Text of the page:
The children did great, and we were thankful that God kept us in peace as we tried to keep our minds staid on Him. We disembarked and learned that we would need to collect all of our 32 checked bags. And, it was cold there, with a foot of snow on the ground, and none of us had jackets (Winnie was in a T-shirt only!). Thankfully, we were able to store the bags at the airport (though they were not completely secure).
We decided to embrace the delay—perhaps God was going to allow us some rest in a most unexpected place. The airline put us up in a nice hotel, the kids went swimming, and we had some good meals. Elizabeth found some great jackets at a thrift store, where things happened to be 50% off that day! Most of us needed jackets for the rare times it gets cool in East Africa, and the Lord provided some great ones. We were up the next morning at 4:30 AM, but felt refreshed. We collected all 32 bags (nothing missing as far as we know) and rechecked them after waiting in the 300 person queue.
The flight resumed. Again we were seated near the man who evidently suffered from some form of schizophrenia. His talking got louder and his movements more erratic. We visited with some of the other passengers who were now becoming an unusual cohort of total strangers undergoing a difficult situation together. Plans were being disrupted.
People don’t watch how you act during good times; they watch how you deal with trials. Near the end of the flight, a flight attendant came and knelt by Elizabeth and shared that she and her husband were getting ready to start a family, and she wanted to raise kids like ours.
“What’s your secret?” she asked.
“There is none—simply to train your children to worship the one true God,” Elizabeth replied.
“Yes, I know, I am a Christian, but what is your secret to raising your kids?”
“Only to be a worshipper of Jesus and follow Him before our children.”
We are not sure she received that—there truly is no parenting secret other than this. Elizabeth did also refer a book to her—Shepherding a Child’s Heart.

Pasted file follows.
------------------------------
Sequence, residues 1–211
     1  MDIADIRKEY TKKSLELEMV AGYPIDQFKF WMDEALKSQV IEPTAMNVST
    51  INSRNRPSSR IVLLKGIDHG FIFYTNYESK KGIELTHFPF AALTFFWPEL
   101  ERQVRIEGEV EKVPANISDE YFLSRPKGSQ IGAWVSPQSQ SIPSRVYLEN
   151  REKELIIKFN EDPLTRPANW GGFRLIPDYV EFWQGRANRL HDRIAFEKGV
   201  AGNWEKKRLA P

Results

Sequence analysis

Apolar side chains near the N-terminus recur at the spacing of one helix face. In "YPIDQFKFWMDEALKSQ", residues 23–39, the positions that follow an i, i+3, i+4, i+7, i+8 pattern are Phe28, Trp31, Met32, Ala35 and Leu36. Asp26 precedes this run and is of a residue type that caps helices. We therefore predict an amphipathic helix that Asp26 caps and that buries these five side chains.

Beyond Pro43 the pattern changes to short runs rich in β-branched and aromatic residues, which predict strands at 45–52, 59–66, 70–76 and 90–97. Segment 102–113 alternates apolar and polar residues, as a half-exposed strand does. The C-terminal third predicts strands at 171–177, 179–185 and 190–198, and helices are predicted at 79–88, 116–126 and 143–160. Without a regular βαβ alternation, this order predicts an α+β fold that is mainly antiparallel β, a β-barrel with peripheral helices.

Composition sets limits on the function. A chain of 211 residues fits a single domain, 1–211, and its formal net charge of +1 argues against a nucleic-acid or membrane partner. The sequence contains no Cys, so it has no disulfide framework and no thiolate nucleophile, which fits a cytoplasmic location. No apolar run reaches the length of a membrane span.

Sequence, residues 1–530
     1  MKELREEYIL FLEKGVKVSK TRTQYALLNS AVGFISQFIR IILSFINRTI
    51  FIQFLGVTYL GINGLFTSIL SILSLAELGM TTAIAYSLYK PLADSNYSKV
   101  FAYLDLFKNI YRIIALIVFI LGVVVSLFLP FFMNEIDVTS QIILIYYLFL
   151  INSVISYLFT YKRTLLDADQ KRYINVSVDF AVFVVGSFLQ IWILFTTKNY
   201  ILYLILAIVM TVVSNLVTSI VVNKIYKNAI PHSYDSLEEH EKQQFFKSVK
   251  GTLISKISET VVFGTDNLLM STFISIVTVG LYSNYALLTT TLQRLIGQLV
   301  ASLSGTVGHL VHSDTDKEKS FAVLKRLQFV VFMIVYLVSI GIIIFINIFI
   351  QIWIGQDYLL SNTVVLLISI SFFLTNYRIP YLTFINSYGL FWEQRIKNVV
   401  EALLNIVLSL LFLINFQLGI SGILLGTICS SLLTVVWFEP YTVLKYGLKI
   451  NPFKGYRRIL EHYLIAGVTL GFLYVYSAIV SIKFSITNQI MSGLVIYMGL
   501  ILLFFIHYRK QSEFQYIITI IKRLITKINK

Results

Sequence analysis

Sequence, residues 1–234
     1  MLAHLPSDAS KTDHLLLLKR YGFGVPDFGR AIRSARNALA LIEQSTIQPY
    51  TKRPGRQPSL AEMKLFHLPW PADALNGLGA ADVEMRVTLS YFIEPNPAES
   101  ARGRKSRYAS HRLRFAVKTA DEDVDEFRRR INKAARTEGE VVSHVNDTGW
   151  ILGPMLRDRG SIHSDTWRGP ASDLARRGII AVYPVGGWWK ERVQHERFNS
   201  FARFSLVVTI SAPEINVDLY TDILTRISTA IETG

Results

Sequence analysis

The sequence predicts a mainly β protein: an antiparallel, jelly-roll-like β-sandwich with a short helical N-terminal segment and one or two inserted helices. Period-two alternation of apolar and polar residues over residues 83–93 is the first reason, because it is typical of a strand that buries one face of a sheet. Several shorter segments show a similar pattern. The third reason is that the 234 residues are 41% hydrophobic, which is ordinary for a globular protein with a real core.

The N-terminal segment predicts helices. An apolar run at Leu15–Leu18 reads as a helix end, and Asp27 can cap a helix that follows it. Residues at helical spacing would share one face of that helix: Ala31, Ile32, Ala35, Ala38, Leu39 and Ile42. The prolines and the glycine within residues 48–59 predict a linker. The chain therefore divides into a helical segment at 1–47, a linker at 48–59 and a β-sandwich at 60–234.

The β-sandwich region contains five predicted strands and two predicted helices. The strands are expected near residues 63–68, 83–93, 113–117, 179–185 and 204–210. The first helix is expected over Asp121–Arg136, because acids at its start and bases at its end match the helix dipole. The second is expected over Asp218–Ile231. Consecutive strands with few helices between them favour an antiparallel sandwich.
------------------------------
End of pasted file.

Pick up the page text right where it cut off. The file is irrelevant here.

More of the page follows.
We arrived in London on Tuesday evening (rather than the scheduled Monday morning). We would have to overnight in London as well, and arrive to Uganda 48 hours later than expected. The children’s new passports were quickly getting filled with unplanned entry stamps—Canada, United Kingdom, and then Uganda. The Jordanian man with schizophrenia was again next to us at the customer service counter. We were prompted to pray for him—such a stressful situation for anyone to deal with, much less if one has under/untreated mental illness. We may never know the specific effects of our prayers, but effects there are.
Usually on a 9-hour flight, one barely gets acquainted with any of the other passengers. In a bizarre sort of sociology experiment, we were with this group of people for nearly 60 hours. The reason for the whole flight delay? A young man tried to kill himself by taking pills and drinking alcohol. A large, for-profit airline spent huge amounts of money to divert its flight for the sake of one passenger’s life. How much more did our God of Mercy do by spending the blood of His Son to save our lives!
Just before we left our town in Colorado, I noticed a church sign which rung true with me—“Change is easier when you trust in an unchanging God.” Along the way, there was much time for being in God’s Word and listening to Him. We are grateful to serve an unchanging God, one who is more concerned with His people knowing Him than a “smooth” travel experience.
Last Updated on Wednesday, 01 April 2015 20:12